Items tagged “iatrogenic”

14 results found
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Radiation-induced meningiomas

Radiation-induced meningiomas are more frequently multiple and have a very long latency period. Meningiomas are a much more frequent complication of radiation exposure compared to sarcomas or gliomas. Epidemiology The exact incidence of radiation-induced meningiomas is unknown; one study had a...
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Contrast media extravasation

Contrast media extravasation (CMEV) refers to the leakage of intravenously-administered contrast media from the normal intravascular compartment into surrounding soft tissues; it is a well-known complication of contrast-enhanced CT scanning. It can also occur in MRI studies, but the complication...
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Osteoradionecrosis

Osteoradionecrosis (ORN) refers to a severe delayed radiation-induced injury and is characterized by bone tissue necrosis and failure in healing. There is some overlap with the term radiation osteitis. Pathology Microvascular damage is thought to result in altered blood supply to the bone.  Th...
Article

Iodinated contrast-induced thyrotoxicosis

Iodinated contrast-induced thyrotoxicosis is rare and may occur in patients with pre-existing thyroid disease and through complications of thyrotoxicosis (e.g. cardiac arrhythmia) may be fatal. Patients with a normal thyroid gland are unaffected.  Patients with existing thyrotoxicosis should no...
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Buried bumper syndrome

Buried bumper syndrome (BBS) is a rare but important complication in patients with a percutaneous gastrostomy tube, occurring by migration of the internal bumper along its track. The tube may get lodged anywhere between the gastric wall and the skin and lead to life-threatening complications inc...
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Radiation-induced glioma

Radiation-induced gliomas are a rare complication of cranial irradiation, occurring in less than 3% of cases 15 years post-treatment. Glioblastomas correspond to three-quarters of all radiation-induced gliomas.  The risk of developing a secondary CNS cancer following radiation exposure has been...
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Intestinal angioedema

Intestinal angioedema is edema into the submucosal space of the bowel wall following protein extravasation from "leaky" vessels. It can affect both the small and large bowel. Clinical presentation Patients often present with non-specific findings of abdominal pain, nausea, and vomiting. Patho...
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Failed back syndrome

Failed back syndrome refers to persistent leg and/or lumbar back pain after a surgical procedure. The pathophysiology of this syndrome is complex, as often the operation was technically successful.  Terminology Other names for failed back syndrome include failed back surgery syndrome, post-lam...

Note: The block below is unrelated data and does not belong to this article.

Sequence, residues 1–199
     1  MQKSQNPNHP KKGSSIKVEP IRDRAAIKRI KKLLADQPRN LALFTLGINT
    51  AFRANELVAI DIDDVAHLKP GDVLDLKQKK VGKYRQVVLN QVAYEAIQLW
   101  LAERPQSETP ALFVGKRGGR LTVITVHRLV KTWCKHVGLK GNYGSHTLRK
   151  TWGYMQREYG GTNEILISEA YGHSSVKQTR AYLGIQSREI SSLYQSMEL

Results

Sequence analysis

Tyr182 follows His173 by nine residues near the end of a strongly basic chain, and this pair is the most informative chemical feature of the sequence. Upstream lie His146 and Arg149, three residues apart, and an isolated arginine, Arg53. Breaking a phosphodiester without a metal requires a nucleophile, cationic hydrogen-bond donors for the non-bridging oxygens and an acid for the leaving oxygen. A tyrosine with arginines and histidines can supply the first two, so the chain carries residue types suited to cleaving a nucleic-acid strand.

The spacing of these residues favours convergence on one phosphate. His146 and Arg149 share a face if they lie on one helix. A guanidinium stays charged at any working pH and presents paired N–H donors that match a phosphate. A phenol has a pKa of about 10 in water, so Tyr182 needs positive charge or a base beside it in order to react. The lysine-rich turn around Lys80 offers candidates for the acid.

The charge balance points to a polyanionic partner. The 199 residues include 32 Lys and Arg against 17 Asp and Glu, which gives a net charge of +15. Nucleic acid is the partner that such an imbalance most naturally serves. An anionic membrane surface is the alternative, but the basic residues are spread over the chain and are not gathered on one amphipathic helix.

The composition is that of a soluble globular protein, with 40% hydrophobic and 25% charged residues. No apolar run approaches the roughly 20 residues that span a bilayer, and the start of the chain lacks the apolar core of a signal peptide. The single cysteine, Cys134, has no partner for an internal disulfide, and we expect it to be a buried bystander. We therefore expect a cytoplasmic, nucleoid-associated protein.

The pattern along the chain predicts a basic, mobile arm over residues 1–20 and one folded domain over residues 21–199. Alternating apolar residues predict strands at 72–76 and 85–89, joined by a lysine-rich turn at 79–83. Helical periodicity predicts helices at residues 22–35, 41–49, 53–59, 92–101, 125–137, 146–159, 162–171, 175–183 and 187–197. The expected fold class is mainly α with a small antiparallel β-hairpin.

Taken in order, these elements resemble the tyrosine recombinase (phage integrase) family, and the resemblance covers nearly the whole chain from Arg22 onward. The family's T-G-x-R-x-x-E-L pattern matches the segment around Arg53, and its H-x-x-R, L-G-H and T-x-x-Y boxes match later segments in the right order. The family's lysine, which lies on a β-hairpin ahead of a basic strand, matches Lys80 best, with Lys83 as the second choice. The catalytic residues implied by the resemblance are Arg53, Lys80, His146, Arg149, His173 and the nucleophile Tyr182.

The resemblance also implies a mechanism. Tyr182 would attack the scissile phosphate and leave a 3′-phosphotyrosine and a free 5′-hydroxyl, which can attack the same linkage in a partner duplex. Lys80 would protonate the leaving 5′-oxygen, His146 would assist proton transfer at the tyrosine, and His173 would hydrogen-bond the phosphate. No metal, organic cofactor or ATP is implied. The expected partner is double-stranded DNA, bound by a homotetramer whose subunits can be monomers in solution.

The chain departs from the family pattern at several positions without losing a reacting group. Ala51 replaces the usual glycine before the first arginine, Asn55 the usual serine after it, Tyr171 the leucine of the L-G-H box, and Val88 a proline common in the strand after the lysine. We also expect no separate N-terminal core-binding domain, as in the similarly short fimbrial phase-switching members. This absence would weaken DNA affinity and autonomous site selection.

Article

Barium peritonitis

Barium peritonitis is a rare complication of gastrointestinal barium studies, and occurs when there is gastrointestinal tract perforation and spillage of barium contrast agent into the peritoneal cavity resulting in peritonitis, granuloma and stone formation 1. Pathology Barium sulfate in the ...
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Infusothorax

Infusothorax (plural: infusothoraces), also known as a chemothorax, is a complication of central venous catheter malposition where the catheter tip is located in the pleural space and the infusion of the fluid collects inadvertently in the pleural space in the form of a pleural effusion. Longer ...
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Complications post optical colonoscopy

Complications post optical colonoscopy are most commonly assessed by CT if patients present with abdominal symptoms post colonoscopy. Complications include: bowel perforation (most common) pneumoperitoneum pneumoretroperitoneum pneumomediastinum pneumothorax lower gastrointestinal hemorrha...
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Radiation-induced lung cancer

Radiation-induced lung cancers are a potential long-term complication of radiotherapy to the chest.  Besides lung cancer, sarcomas (osteosarcomas are the most common arising from the irradiated bones, and malignant fibrous histiocytomas the most frequently arising from the soft tissues), breast...
Article

Catheter-associated mass

Catheter-associated mass, also known as catheter tip granuloma, is a relatively rare complication related to an intrathecal catheter. Terminology Although the term catheter tip granuloma is commonly found in the literature, some favor the more general term catheter-associated mass as they actu...
Article

Barolith

A barolith consists of inspissated barium sulfate associated with feces seen rarely, after barium studies for imaging the gastrointestinal tract. Since barium sulfate is insoluble, it can in rare cases precipitate in the bowel, sometimes becoming symptomatic with a significant delay (from few we...